ayleigh Bruce writes in the Whyalla News (Australia) that Resources and Energy Minister Gary Gray was in Whyalla, South Australia, last week to unveil the first “green crude” produced by Muradel Pty Ltd from microalgae at a pilot scale – a step forward, he said, for a whole new industry in Australia.
Muradel Pty Ltd was incorporated in December 2010 as a joint venture between Murdoch University, Adelaide Research and Innovation Pty Ltd and SQC Pty Ltd. The company’s core business is the development and commercialization of low carbon technology for reliable and high-productivity long-term culture of saline microalgae, for energy and other high value products.
During his appearance Mr. Gray said Whyalla was the perfect place to take a project of this nature to the next level, not only because it is in a “fantastic physical location” but also because it has an ideal upbringing in industry. “It’s got a well-educated, highly-capable workforce and, most importantly for these technologies, it’s got many days of sunshine.”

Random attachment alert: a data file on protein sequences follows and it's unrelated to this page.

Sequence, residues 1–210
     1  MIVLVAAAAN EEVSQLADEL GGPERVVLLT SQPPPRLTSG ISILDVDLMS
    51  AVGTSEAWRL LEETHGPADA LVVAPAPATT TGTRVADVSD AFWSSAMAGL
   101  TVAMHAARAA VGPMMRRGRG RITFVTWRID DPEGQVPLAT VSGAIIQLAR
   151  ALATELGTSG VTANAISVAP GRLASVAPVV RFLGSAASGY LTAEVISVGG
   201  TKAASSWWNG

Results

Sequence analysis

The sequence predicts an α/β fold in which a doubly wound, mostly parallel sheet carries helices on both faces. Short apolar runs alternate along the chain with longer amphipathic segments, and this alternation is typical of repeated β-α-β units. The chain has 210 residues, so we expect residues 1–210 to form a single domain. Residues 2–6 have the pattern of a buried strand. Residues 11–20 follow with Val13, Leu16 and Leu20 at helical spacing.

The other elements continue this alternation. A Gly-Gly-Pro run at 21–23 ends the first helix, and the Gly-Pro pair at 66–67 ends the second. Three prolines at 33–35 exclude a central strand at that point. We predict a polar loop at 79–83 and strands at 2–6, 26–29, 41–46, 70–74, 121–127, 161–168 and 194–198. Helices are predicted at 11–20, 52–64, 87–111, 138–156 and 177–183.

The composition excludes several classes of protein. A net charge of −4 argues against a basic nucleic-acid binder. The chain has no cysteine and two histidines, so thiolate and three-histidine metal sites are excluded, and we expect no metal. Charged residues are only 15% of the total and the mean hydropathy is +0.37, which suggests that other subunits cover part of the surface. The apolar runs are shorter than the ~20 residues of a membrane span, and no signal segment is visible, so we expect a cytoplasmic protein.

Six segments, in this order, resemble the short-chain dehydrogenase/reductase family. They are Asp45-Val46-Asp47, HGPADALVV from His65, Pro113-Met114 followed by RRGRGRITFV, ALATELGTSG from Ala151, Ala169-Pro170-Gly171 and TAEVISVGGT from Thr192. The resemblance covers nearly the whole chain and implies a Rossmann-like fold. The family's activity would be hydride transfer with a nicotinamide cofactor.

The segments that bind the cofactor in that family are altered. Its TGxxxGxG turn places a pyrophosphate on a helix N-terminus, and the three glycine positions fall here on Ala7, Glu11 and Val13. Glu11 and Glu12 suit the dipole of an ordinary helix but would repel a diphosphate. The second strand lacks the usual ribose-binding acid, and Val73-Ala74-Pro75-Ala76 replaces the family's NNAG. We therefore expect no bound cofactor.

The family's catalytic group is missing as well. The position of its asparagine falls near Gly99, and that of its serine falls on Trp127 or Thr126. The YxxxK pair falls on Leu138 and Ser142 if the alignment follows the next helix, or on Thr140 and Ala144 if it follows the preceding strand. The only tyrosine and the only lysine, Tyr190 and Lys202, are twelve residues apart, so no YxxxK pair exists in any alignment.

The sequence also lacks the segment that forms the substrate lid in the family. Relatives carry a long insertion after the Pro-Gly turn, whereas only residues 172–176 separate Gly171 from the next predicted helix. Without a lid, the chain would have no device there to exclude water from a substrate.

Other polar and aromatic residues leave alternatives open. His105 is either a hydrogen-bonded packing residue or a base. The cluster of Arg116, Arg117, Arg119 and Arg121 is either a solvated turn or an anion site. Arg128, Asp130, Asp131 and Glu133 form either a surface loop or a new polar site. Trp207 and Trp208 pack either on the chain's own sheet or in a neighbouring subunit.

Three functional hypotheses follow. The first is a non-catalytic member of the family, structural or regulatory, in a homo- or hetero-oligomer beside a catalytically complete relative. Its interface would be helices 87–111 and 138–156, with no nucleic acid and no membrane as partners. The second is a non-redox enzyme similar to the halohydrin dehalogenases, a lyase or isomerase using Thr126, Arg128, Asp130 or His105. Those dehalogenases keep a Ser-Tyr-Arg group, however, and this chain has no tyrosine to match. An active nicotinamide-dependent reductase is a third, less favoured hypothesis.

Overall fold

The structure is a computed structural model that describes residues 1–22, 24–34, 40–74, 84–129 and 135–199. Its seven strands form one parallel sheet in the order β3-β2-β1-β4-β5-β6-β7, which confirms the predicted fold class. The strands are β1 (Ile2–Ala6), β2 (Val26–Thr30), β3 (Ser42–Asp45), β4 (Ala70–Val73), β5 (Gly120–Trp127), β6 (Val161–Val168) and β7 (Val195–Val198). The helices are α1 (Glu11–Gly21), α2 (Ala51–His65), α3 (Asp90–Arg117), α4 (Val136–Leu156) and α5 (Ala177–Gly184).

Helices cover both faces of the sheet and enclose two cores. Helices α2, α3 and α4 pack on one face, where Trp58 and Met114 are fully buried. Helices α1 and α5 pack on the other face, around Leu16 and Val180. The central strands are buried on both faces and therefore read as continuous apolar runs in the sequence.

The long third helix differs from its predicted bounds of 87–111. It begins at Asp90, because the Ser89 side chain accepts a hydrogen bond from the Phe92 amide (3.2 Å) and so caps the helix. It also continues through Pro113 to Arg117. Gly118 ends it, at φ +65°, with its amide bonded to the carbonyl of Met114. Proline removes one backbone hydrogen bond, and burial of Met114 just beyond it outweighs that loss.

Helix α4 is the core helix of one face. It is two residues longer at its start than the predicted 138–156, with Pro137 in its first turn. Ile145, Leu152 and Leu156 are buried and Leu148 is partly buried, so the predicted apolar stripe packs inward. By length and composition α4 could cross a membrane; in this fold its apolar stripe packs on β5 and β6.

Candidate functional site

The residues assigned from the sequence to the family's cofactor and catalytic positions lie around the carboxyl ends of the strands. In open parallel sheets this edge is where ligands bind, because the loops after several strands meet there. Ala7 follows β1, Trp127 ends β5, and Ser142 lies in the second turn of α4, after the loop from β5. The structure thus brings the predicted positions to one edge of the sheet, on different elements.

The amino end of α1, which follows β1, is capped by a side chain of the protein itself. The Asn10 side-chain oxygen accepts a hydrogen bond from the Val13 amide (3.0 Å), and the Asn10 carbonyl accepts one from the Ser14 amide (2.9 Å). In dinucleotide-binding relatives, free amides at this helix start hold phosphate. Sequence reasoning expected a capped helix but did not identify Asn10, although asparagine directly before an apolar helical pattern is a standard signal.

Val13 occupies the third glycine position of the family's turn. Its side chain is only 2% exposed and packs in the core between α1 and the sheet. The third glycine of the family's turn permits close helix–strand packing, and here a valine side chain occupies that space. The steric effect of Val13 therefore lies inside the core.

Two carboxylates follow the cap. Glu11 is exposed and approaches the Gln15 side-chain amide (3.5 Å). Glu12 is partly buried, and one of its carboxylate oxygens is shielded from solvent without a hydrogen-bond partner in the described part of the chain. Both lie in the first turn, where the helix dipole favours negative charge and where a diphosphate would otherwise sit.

He added that if the site proves successful in producing green crude, it would be a sustainable substitute for fossil based crude oil. “Biofuels made from algae alone have the potential to displace up to approximately 30 billion litres of fuel each year, according to an Advanced Biofuels Study commissioned by the Australian Government.”
Muradel converted the algae to green crude as part of a $10.7 million project supported by a $4.4 million investment from the Australian Renewable Energy Agency, via a pilot plant in Karratha, Western Australia. In the next phase of the project, Muradel will construct the scaled-up demonstration plant in Whyalla’s industrial estate to further reduce the cost of producing the green crude.
The demonstration plant is scheduled for completion by the end of the year with the expectation that it will be in operation throughout 2014. “There is an opportunity for the Whyalla region to be a front runner in a new advanced biofuels industry, with regional employment opportunities through the construction of the demonstration plant, and potentially, Australia’s first commercial algae-to-green crude plant,” Mr. Gray said.